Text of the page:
Nonprofits' message: Keep firewood close to home

Environmental groups are sending out a warning that transporting firewood across state lines can spread insects and diseases, wiping out swaths of forest and causing economic and environmental damage.

Jim Urquhart/Reuters
A man cuts firewood at his home in Bountiful, Utah, Dec. 10, 2012. Environmental groups and state governments are urging people to not transport firewood long distances because it may spread insect pests or diseases.

What munches on wood in Pennsylvania should stay in Pennsylvania. Likewise what burrows in Oregon should stay in Oregon.

Transporting firewood across state lines can spread insects and diseases, thereby wiping out swaths of forests. Because this can cause considerable economic and environmental damage, The Nature Conservancy oversees a "Don’t Move Firewood" website. The site, which gives state-by-state information, encourages people to buy locally harvested wood.

“We absolutely see that the longer there is a presence of a "Don’t Move Firewood" campaign in a state the more the public becomes aware. States without ‘Don’t Move’ just don’t get it,” says Lee Greenwood, coalitions and network manager for The Nature Conservancy, a nonprofit group that works around the world to protect ecologically important land and water.

The "Don't Move" site grew from an effort called the Continental Dialogue on Non-Native Forest Insects and Diseases, a loose-knit group of organizations and individuals working to keep ecological invaders at bay.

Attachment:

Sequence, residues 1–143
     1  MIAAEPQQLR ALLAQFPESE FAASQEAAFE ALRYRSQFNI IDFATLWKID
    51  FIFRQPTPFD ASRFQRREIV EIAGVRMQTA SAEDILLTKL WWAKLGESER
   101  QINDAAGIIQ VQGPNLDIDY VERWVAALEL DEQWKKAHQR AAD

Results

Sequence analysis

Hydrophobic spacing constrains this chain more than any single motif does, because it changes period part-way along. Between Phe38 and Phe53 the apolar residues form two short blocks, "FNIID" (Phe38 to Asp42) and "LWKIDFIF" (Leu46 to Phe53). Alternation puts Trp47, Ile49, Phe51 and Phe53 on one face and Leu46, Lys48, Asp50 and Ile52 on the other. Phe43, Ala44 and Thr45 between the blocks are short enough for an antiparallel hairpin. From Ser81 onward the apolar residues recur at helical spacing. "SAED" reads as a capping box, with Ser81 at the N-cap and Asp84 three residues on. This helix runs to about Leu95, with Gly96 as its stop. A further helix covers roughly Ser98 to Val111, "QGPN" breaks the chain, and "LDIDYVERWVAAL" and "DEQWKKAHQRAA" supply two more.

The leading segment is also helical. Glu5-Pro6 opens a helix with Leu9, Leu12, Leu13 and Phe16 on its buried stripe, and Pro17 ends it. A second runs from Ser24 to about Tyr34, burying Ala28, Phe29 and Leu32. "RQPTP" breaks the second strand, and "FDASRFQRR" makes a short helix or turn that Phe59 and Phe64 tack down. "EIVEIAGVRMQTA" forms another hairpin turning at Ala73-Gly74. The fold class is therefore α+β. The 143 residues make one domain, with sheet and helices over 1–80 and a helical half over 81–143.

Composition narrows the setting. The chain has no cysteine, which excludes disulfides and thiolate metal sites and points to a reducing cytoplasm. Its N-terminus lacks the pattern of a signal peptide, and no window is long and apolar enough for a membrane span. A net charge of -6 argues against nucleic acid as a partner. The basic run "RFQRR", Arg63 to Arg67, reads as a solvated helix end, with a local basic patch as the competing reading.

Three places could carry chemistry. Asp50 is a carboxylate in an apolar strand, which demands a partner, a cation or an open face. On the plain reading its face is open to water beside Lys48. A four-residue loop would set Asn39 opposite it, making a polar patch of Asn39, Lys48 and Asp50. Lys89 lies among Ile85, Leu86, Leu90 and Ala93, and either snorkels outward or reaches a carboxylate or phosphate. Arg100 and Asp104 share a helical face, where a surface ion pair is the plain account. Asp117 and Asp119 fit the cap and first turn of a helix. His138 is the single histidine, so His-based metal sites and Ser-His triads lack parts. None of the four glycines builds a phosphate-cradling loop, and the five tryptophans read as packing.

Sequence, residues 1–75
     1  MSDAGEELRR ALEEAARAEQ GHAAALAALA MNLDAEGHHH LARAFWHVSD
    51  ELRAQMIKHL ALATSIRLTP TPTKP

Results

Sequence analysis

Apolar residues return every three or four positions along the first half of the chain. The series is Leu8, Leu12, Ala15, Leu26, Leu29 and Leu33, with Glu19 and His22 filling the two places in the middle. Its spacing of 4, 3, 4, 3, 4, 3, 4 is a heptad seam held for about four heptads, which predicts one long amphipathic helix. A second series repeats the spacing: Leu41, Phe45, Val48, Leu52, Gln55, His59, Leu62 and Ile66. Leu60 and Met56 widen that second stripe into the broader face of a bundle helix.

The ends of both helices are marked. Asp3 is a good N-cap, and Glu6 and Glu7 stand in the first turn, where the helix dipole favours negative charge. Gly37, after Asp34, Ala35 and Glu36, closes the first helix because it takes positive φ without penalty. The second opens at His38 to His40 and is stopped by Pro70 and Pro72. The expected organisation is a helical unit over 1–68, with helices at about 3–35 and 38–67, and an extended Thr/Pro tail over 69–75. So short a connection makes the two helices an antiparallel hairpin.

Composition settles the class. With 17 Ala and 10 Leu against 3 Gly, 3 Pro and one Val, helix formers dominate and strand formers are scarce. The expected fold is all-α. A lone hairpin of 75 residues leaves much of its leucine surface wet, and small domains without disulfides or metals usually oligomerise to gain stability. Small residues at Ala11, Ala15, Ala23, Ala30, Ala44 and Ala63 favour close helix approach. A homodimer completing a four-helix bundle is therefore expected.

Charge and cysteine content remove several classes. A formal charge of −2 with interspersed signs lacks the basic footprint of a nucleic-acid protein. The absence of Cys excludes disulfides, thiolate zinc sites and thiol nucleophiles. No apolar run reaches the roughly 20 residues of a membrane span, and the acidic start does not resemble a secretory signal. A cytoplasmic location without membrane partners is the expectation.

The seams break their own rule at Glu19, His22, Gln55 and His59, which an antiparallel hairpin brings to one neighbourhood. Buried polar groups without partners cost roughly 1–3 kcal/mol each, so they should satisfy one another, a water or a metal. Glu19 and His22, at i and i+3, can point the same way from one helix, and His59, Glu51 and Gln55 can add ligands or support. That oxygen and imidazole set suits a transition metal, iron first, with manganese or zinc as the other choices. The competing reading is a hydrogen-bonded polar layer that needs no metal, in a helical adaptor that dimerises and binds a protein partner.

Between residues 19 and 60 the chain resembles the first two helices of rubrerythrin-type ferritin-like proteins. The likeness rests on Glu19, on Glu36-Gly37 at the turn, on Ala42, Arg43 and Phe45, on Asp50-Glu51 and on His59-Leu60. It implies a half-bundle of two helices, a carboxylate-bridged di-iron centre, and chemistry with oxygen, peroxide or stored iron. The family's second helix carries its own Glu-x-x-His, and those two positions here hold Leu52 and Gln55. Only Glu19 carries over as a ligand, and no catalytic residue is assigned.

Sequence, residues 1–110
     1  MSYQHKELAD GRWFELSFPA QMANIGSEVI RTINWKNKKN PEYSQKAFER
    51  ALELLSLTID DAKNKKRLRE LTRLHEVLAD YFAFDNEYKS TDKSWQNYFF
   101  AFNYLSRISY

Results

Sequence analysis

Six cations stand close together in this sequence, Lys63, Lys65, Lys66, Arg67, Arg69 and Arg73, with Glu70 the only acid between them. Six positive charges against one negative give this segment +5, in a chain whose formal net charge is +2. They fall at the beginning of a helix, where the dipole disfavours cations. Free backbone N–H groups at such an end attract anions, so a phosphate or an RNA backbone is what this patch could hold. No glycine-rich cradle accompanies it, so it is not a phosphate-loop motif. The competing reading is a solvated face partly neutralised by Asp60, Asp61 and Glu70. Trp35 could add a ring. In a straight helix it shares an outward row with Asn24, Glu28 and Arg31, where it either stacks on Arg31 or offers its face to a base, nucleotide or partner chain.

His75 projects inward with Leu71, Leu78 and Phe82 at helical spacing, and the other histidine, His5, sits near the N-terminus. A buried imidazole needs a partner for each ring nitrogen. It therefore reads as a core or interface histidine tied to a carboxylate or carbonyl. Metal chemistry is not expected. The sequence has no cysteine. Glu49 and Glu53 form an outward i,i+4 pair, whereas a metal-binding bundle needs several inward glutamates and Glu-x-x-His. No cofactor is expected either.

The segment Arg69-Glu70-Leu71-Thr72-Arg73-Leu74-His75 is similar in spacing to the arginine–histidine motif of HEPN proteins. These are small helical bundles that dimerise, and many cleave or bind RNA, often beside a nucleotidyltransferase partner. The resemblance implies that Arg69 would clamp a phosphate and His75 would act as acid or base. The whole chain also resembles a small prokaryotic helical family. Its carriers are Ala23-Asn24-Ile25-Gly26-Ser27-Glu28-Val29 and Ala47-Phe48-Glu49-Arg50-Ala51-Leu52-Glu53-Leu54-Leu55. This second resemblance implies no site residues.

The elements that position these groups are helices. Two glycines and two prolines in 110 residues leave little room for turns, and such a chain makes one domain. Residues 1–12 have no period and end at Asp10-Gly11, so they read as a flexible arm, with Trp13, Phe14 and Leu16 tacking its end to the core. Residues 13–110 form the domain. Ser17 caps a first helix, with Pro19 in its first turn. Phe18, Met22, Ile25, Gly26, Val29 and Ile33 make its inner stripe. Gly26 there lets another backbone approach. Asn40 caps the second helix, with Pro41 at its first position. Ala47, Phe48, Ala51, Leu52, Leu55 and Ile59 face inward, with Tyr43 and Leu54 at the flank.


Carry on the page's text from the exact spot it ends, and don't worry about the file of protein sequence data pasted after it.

While The Nature Conservancy owns the site, other nonprofit and government organizations are involved. They include the American Forest Foundation, the National Association of State Foresters, the Society of American Foresters, and the Pennsylvania Department of Agriculture.

Native trees can defend themselves against native insects and diseases. But trouble ensues when non-native insects and diseases show up, hitching a ride on firewood transported from elsewhere.

"That’s What Tree Said" and "Tree shirts" are available for purchase on the "Don't Move" site – a humorous way to raise awareness about this issue.

“If you lived in New England 100 years ago, you’d lie awake worrying about gypsy moths. Now South Carolina worries about them. Something like this spreads quickly,” Ms. Greenwood says.

The leaf-munching Asian longhorned beetle is one of biggest threats to New England’s maple trees, threatening the fall foliage season. Restaurants, hotels, farm stands, and maple syrup distributors count on the annual tourism: Leaf peepers account for nearly $300 million in annual revenue in Vermont alone, according to the state's tourism and marketing department.

In Oregon the more than 700 licensed Christmas tree growers produce about 8 million trees a year. This year slugs are hitching rides to Hawaii on these Christmas trees. As a result, nearly half of the trees shipped to Hawaii are in quarantine.

In Pennsylvania, environmental officials have thus far contained the Asian longhorned beetle. But many other fast-moving pathogens and insects lurk, says Sven-Erik Spichiger, manager for the Pennsylvania Department of Agriculture’s entomology program.

“Eighty percent of Pennsylvania’s forests are oak. If a fast-moving pathogen or insect threatened them, well, it really staggers the mind to think about it,” Mr. Spichiger says. Sap beetles, which carry oak wilt, are one such fast-moving threat.